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SOS From the ICU: Why Are Some Americans Not Practicing Social Distancing?

Encouraging safe practices in a catastrophically self-absorbed society.

I was recently asked by a journalist: "Why are some people not engaging in social distancing given the risk to all of us, and what can we do about it?"

There are many reasons, but one of the major ones is this: People in American society are unused to deprivation. We have long promoted "rugged individualism," where individual rights are seen as more important than collective rights. Many of us have been conditioned to feel that our rights matter most, even when our behavior impacts others' rights.

We have a society that is catastrophically self-absorbed.

Those who serve in our military learn to be interdependent; they learn that we must come together because, sometimes, the good of the whole requires us to sacrifice our individual rights.

This is what our service members, veterans, and first responders do every day. Now, we have an army of frontline physical and behavioral health providers who are making these same sacrifices.

Meanwhile, we have shaped people to expect everything delivered to their door, immediately, with no personal sacrifice.

Americans are not accustomed to putting their own individual needs aside for the good of the whole. If we stand on the hill of our own rights, others will die—and we might, as well.

When I posted such thoughts on a Facebook page related to a Military Times podcast I host, I received this reply from a reader who is a military veteran and now an ICU nurse at the tip of the spear in our health care system.

This is what many of us need to hear right now:

This is a completely accurate description of what we are currently facing. I am a nurse who works in an ICU unit that is only taking COVID-19-positive patients at the moment.

To see the number of people who are waiting to be seen with severe symptoms is an absolute horror. My colleagues and I are not provided the right equipment to treat these patients. We were given one N-95 mask, which is typically supposed to be used once on each patient, and we are told to use it for two weeks straight.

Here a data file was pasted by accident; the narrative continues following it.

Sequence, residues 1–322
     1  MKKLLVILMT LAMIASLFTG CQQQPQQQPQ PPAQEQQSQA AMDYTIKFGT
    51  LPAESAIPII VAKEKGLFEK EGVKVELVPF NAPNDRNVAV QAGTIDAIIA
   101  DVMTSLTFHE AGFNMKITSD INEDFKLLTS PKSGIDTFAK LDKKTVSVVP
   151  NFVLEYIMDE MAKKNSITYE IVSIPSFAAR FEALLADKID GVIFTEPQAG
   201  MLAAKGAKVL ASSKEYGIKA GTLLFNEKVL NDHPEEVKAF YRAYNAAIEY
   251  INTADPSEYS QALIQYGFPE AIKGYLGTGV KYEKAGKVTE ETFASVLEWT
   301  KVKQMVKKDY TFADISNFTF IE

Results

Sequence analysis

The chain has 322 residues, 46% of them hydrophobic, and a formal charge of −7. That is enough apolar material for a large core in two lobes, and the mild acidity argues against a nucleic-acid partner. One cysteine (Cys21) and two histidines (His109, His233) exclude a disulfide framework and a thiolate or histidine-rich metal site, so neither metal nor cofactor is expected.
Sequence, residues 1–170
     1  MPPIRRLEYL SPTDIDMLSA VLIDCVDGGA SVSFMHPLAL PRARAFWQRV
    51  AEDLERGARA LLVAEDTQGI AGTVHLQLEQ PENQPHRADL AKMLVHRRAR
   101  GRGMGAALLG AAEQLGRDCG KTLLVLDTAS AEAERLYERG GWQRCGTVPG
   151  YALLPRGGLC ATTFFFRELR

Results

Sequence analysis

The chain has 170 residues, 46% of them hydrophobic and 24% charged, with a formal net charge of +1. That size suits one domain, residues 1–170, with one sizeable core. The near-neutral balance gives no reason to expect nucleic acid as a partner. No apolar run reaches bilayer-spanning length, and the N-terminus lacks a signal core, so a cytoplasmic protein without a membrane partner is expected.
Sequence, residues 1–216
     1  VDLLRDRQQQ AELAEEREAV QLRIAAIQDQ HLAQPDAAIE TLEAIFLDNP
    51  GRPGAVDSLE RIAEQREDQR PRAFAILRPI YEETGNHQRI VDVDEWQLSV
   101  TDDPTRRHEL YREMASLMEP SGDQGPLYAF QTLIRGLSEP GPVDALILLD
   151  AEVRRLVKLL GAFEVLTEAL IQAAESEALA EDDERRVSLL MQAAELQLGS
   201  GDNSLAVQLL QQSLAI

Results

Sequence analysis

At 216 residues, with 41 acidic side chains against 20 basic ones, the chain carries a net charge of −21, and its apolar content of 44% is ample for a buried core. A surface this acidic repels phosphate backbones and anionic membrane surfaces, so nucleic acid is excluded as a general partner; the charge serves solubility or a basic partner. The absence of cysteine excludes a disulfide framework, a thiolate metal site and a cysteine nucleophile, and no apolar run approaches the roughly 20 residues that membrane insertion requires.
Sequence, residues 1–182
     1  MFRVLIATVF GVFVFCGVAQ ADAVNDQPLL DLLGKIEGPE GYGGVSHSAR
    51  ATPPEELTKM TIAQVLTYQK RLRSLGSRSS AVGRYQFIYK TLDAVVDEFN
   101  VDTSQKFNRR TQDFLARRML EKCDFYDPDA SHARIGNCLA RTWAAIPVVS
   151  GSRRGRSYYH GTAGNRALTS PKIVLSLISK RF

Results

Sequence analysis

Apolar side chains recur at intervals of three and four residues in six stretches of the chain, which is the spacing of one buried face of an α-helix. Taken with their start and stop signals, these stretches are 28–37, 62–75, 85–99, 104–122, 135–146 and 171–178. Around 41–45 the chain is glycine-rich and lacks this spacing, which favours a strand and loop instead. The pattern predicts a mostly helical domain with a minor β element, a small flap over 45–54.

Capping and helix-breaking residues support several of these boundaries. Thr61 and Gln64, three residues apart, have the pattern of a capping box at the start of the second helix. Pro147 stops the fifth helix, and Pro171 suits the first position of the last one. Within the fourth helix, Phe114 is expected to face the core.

Research has shown an N-95 mask can be used up to 4 hours before it stops doing its job. I work 13 hours per shift, 60-70 hours a week, using the same mask. The CDC recently came out with a statement urging health care professionals to bring scarves or bandanas from home, because it is better than nothing. Some of my colleagues are required to put garbage bags on themselves because there are no gowns left.

The amount of people going on ventilators is terrifying, and the thought that we are about to run out of ventilators and may have to soon play God and make a decision about who lives and who dies is even scarier.

Then, after a long, 13-hour shift, I go home, and I see crowds of people still walking outside because it's beautiful out. I see gyms inviting people to the park to complete group workouts together because the gyms were mandated to be closed.

After seeing all that, I return to another shift and hold the hand of an elderly man or a very young woman who had to die alone because we cannot allow visitors right now.

We are facing something Americans haven't had to face before. This situation is entirely new. People don't know how to act and don't understand how their actions are impacting others.

People aren't always getting accurate information on the news and aren't feeling the direct impact of their actions of not social distancing to understand why it is so important. There are many people stepping up to the plate, and many who are listening.

But where I live, we have a very high number of COVID-19 positive patients, and I can tell you from personally witnessing this firsthand that there are many people who are trying to challenge authorities, who personally believe they cannot catch the virus because they are young (completely false), and who aren't thinking about anyone but themselves and their "boredom."

It is an absolute slap in the face to us because the longer people don't listen, the longer we are putting ourselves at risk by working and being exposed, and the longer we are away from our families.

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